Mike Williams, CEO of Pushfor talks with Temenos Marketplace and explains how banks can retain control of sensitive information when sharing ‘unstructured’ content. By pushing content rather than sending it, banks not only put a tick in the compliance box but they protect the bank’s reputation too.
By Mike Williams, CEO- Pushfor
Data protection is big news, and rightly so. It’s time for companies that collect, store and use personal data to be held to account. The imminent General Data Protection Regulation (GDPR) coming into force in May is going to do this. Big fines are the stick, happy customers the carrot.
An army of consultants is helping banks prepare for the stricter rules on data protection. There’s lots to do – from clearing out stores of unnecessary data to ensuring that all the required permissions are in place. But most of the focus seems to be on structured data, the term used for organised information. This is held in fields such as name and address, or transaction history. While important, it only accounts for about 20 percent of all data. Unstructured data accounts for the balance and is by far the more unwieldy beast.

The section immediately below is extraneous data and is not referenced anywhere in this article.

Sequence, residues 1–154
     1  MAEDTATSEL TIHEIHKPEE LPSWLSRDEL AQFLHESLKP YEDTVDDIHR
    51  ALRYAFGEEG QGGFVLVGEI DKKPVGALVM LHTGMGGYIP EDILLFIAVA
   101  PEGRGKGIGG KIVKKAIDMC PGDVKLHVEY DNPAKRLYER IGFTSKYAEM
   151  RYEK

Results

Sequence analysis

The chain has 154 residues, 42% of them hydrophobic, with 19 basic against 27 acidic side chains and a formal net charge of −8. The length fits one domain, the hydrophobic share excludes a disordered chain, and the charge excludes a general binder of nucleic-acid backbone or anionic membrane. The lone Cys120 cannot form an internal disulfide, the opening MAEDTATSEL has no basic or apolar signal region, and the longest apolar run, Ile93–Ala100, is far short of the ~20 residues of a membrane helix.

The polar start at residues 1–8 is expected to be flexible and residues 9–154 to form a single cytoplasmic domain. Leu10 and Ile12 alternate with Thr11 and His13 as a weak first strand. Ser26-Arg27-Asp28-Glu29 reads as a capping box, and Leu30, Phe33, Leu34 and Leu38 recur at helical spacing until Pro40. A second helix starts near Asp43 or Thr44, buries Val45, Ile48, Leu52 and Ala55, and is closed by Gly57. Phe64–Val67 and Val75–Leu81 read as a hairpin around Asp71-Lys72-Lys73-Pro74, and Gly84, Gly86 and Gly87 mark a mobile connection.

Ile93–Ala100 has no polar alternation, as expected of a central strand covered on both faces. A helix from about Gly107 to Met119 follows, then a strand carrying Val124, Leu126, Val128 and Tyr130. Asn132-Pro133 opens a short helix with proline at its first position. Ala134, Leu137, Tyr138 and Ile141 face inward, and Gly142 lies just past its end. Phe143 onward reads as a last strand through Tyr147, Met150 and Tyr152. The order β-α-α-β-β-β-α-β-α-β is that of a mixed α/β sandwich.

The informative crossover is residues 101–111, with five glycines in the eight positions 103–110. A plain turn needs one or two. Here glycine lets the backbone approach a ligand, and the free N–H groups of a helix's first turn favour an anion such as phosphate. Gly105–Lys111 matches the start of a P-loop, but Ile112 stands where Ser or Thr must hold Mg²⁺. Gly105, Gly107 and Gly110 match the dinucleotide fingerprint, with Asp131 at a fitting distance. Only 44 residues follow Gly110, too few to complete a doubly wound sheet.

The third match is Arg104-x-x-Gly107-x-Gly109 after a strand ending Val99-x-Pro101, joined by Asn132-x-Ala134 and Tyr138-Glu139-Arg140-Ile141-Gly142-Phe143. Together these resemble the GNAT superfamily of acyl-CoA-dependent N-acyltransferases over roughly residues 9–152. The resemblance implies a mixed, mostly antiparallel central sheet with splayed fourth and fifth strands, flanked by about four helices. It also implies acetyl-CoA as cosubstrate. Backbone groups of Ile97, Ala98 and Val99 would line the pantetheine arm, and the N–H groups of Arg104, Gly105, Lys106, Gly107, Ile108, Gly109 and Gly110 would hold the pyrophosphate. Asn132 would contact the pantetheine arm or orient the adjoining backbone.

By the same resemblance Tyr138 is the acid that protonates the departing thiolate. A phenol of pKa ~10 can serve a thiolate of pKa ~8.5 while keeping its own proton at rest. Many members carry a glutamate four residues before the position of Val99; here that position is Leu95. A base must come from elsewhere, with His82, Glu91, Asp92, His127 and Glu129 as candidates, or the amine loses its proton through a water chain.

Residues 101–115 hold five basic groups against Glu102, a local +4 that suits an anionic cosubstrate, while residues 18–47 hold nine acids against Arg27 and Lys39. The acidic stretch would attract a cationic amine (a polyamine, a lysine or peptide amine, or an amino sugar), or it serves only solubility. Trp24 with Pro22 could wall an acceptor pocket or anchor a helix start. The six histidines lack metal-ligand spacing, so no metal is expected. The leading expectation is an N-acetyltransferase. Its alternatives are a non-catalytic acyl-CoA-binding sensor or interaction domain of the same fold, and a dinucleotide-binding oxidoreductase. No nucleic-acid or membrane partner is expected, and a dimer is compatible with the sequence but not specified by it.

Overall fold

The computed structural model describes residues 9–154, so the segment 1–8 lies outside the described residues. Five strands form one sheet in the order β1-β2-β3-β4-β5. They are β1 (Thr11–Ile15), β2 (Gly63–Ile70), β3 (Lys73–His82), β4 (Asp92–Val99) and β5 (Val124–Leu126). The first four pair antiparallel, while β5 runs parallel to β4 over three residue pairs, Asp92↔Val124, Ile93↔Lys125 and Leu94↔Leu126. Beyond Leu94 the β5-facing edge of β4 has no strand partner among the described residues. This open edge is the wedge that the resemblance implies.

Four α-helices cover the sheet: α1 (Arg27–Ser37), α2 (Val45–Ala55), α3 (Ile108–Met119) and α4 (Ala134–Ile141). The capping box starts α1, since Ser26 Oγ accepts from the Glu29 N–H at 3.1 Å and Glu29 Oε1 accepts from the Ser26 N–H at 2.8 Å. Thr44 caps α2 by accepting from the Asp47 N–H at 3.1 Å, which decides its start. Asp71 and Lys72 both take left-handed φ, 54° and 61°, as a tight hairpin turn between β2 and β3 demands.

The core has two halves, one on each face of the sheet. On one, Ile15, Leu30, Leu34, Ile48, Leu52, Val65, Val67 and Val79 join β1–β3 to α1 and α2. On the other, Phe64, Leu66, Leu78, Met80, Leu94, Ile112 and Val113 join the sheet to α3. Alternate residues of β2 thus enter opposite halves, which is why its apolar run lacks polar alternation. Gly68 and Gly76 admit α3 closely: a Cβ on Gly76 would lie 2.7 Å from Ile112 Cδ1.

Unstructured data is that held in documents for example. Think emails with attachments including customers’ names and addresses, purchase histories, dates of birth, employment records, employment terms. Just like structured data, unstructured data will also be covered by GDPR and must be protected.
While many banks have put up security walls around unstructured data, to date these walls have proven pretty ineffective. Bans on using personal devices for work matters – sending work emails from your own laptop or phone, for example – are regularly ignored by staff, and encryption is far from failsafe because it’s easy to send the key along with the document. People also duplicate and photograph content. Each time a new copy is made of any personal data, the door is opened to a GDPR breach. So what can banks do?
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